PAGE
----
In writing this blog entry more than a month after meeting Luz, I have a renewed appreciation for UNAMG’s work to give voice to women who have suffered sexual violence. My renewed appreciation comes from a recent conversation with some members of my delegation about Latin American literature. In our conversation, delegates explained why literature from South America has received much greater global renown than literature from Central America.
In South America, people who were victims of state persecution tended to come from the elite educated classes. When they fled their home countries, they had access to forums where they could publish their stories and gain recognition for their suffering. In contrast, victims of state violence in Central American countries including Guatemala, tended to be farmers and indigenous peoples without as much formal education and readily available means to translate their experiences into stories that garnered a place in the literary cannon. When I reflected on this conversation, I saw new value in UNAMG’s work of creating a space for personal stories of suffering that tended to be overlooked on the global stage because the storyteller came from Central America, and overlooked on the local stage because the speaker was a woman.
Learn more about UNAMG
1. National Union of Guatemalan Women. http://unamg.org/v1/ This is the official website for UNAMG, in Spanish but easily translated into English thanks to Google Chrome.
2. Tejidos que lleva el alma: Memoria de las mujeres mayas sobrevivientes de violacion sexual durante el conflicto armado. Equipo de Estudios Comunitarios y Acción Psicosocial and Unión Nacional de Mujeres Guatemaltecas. 2011. http://www.ecapguatemala.org/images/TejidosqueLlevaelAlma.pdf Luz described this report as the culmination of three years of research and work with women survivors in multiple regions. I am not sure if an English translation is available, but this report, which shines much-needed light on women’s perspectives as survivors of the Armed Conflict, represents a valuable incentive for me to improve my Spanish reading abilities.
Learn more about the massacres in Alta Verapaz and El Quiche
1. “Guatemala 1978: The Massacre at Panzos.” International Workgroup for Indigenous Affairs. http://www.iwgia.org/iwgia_files_publications_files/0211_33Guatemala.pdf This report covers the massacre at Panzos, Alta Verapaz, which occurred in 1978.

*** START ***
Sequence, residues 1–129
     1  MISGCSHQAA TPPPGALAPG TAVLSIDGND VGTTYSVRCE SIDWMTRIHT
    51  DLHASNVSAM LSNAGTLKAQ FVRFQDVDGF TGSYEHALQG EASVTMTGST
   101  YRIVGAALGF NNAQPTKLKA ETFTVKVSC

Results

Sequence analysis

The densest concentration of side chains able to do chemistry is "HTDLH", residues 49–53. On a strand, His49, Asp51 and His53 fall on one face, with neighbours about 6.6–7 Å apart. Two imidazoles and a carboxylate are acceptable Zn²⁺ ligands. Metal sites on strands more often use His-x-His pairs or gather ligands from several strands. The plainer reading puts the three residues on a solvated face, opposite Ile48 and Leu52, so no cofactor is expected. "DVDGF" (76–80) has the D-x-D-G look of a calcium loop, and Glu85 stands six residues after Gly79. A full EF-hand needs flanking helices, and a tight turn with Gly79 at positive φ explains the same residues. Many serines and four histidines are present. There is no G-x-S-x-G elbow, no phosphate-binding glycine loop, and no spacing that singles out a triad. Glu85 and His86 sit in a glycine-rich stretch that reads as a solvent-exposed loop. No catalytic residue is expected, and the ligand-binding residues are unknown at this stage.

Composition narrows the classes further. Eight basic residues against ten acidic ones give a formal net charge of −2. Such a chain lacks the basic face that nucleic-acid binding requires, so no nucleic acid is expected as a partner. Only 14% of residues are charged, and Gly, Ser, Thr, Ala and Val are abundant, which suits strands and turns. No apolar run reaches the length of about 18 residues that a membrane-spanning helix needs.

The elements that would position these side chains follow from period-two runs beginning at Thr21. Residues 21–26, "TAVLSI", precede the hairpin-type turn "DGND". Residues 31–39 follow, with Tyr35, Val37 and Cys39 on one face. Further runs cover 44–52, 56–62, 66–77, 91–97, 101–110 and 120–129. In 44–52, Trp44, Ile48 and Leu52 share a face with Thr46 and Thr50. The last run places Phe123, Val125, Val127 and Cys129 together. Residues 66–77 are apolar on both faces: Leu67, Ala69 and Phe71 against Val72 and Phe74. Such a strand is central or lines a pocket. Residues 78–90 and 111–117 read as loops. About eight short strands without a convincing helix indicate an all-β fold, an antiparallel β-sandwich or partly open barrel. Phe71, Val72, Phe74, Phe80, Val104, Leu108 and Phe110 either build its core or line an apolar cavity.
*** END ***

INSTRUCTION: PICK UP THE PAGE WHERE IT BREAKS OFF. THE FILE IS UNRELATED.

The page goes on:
2. “Operation Sofia: Documenting Genocide in Guatemala.” The National Security Archive. National Security Archive Electronic Briefing Book No. 297. December 2, 2009. http://www.gwu.edu/~nsarchiv/NSAEBB/NSAEBB297/index.htm This electronic brief gives an overview of the genocide in Guatemala, and the NSA’s process of proving it occurred. The brief also describes the military’s “scorched earth campaign” against the Mayan communities living in El Quiche, and includes links to the comprehensive Operation Sofia archive.
Learn more about the CEH Report
1. Truth Commissions Digital Collection. “Truth Commission: Guatemala.” United States Institute of Peace. http://www.usip.org/publications/truth-commission-guatemala This webpage provides an informative background about the Truth Commission, and includes links to the full CEH Report in Spanish and English. This webpage also summaries the report’s key findings. Among the findings: “The total number of people killed was over 200,000; 83% of the victims were Mayan and 17% were Ladino.” “In the four regions most affected by the violence, ‘agents of the state committed acts of genocide against groups of Mayan people'” (Final Report, English Version, para. 122).
Learn more about the Women’s Tribunal of Conscience
1. “Guatemalan women hold Tribunal of Conscience.” Impunity Watch News Archive. http://www.impunitywatch.org/en/publication/67 Impunity Watch provides a clear explanation of the Tribunal of Conscience, and how the combined testimonies are “evidence that sexual violence against women did not occur as isolation but instead was part of a state-directed military strategy.” This webpage also links to the four organizations–UNAMG, ECAP, MTM, and La Cuerda–that organized the tribunal.
2.”Tribunal de Conciencia.” Union Nacional de Mujeres Guatemaltecas. http://unamg.org/v1/tribunal-de-conciencia This webpage from UNAMG’s website (in Spanish, but easily translated with the Google Chrome Browser) provides comprehensive coverage of the testimonies given during the landmark tribunal where women gave testimony about their experiences suffering sexual violence during the Armed Conflict.
3. Ed. Azkue, Irantzu Mendia and Gloria Guzmán Orellana. Ni Olvido, Ni Silencio: Tribunal de Conciencia contra la violencia sexual hacia las mujeres durante el conflicto armado en Guatemala. UNAMG, ECAP, MTM. http://publ.hegoa.efaber.net/assets/pdfs/279/Ni_olvido,_ni_silencio.pdf?1342173748 June, 2012. UNAMG collaborated with two organizations–Equipo de Estudios Comunitarios y Acción Psicosocial (ECAP) and Mujeres Transformando el Mundo (MTM) to produce this report which documents the process of convening the tribunal along with the testimonies of women from multiple regions.